Covid-19 is not the same for everyone – and has the power to expose and deepen cracks in our social compact

There are two ways to look at images of the streets and piazzas of Venice emptied by panic about Covid-19. These two perspectives reveal a moral fissure in our society that stymies our collective response to the coronavirus. 

We face many challenges that impose unequal burdens. 

There are sections of society that view climate change as something that won’t much affect them and then there are people for whom desertification, fires and flooding spell ruination. People who suspect climate change might not really be so bad for them would nonetheless mostly prefer that it not happen. But talk of giving up luxuries tends to weaken our resolve. Too many carbon-spewing technologies are just plain fun. 

There’s currently a range of estimates of your chances of dying if infected by Covid-19. The director-general of the World Health Organization has recently suggested a figure of 3.4 percent. A Guardian explainer countered that your odds of dying if infected are “probably about or a bit less than 1 percent”. What is clear is that deaths are disproportionately selected from those who are older or have some pre-existing condition such as respiratory disease or diabetes. 

For the young, fit and healthy, the empty Venetian piazzas look like a wonderful opportunity to see St Mark’s Square liberated from hordes of tourists – if only you could arrange a flight. 

Suppose you do pick up a Covid-19 infection. There is a good chance you’ll be entirely asymptomatic. If not, your symptoms could be mild. You probably just want to get it over with, promptly recover, and be free to proceed with your coronavirus-fortified immune system. For you, it’s the waiting to get the coronavirus that is the killer, at least psychologically.

I recently heard someone express that view, together with annoyance about an anticipated holiday cancellation, to a group that included people who didn’t seem quite so excited about this unexpected opportunity to avoid queuing for gondolas.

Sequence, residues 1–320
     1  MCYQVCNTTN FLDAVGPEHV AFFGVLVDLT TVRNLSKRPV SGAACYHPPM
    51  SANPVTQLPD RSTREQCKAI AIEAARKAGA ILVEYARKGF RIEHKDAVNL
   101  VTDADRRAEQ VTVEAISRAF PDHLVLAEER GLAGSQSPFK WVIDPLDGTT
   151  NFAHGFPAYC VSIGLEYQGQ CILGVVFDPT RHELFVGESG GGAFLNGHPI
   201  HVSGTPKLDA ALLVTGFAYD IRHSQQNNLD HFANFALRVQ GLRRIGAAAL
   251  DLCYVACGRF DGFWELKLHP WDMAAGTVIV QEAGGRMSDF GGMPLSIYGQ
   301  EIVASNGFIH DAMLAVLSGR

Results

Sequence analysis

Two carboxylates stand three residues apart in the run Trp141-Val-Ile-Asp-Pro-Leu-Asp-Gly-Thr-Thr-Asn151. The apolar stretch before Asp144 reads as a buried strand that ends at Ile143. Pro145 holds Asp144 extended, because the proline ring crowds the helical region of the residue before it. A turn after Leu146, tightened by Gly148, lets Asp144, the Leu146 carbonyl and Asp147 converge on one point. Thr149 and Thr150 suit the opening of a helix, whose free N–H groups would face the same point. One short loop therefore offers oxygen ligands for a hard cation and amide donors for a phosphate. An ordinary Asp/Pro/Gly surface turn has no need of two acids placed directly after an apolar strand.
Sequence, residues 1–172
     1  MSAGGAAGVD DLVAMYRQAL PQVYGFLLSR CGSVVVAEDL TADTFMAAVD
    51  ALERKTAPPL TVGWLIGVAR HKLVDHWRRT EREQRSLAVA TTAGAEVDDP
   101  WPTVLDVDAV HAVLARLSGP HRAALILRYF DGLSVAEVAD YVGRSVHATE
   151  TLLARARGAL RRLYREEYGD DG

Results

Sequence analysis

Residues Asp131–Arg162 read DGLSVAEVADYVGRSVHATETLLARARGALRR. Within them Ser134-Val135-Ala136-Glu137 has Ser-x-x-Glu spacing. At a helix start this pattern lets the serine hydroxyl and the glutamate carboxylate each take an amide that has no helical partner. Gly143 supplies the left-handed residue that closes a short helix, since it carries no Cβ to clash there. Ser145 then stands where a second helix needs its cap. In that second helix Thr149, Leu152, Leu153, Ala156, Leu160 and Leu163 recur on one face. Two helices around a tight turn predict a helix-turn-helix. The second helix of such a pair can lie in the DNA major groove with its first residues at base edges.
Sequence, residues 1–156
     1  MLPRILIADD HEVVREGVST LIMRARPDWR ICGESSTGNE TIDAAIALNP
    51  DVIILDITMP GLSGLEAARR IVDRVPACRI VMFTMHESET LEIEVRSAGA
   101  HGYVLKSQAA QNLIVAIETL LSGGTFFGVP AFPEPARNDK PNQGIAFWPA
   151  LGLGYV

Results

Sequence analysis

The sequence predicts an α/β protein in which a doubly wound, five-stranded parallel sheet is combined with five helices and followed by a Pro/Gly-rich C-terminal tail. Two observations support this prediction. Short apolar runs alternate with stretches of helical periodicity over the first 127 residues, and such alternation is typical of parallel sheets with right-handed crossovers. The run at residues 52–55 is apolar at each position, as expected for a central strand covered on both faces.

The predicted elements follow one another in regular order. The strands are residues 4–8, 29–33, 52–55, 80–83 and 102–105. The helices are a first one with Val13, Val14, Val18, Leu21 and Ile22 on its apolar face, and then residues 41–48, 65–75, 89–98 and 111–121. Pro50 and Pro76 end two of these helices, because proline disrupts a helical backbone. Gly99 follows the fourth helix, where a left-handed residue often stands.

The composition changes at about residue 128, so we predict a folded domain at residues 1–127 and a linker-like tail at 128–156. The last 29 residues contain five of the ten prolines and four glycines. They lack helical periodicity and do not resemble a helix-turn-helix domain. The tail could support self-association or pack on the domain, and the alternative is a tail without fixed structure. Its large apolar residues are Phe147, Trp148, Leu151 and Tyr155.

Interesting because they belonged to a demographic that, in other circumstances, is well known in sight-seeing in places like Venice. They were retired people, some of whom I suspect had the conditions – including heart disease and respiratory illnesses – that suggest a poorer prognosis from infection by coronavirus. 

I could imagine them speculating, “If you’re young, fit and healthy and therefore confident your odds of surviving are considerably better than one to 3.4 percent then what are my odds?” Perhaps they were thinking, “Given what my GP said about the functioning of my lungs last check-up, what would my odds of surviving have to be to produce an overall risk of somewhere between one and 3.4 percent?” 

There’s a difference here from other threatened pandemics. The overt horribleness of Ebola means even the young, fit and healthy get the message about the utmost importance of avoiding contact with blood from a person infected with the virus. There’s no “meh” about Ebola.

Covid-19, like climate change, is a stressor that has the power to expose and deepen cracks in our social compact. 

We hope that soon there will be a vaccine that can be promptly distributed, allowing the speedy resumption of trips to Rome and Caribbean cruises. But as we wait, we should remind ourselves that we are all in this together. A trip to Rome combined with an entirely asymptomatic Covid-19 infection may be fine for you but not so good for some who hug you on your return. The Coliseum isn’t going away. 

There’s a bonus, too, from a successful collective response to the coronavirus – it should make us more confident we won’t be flummoxed by the next entirely unexpected disease outbreak.

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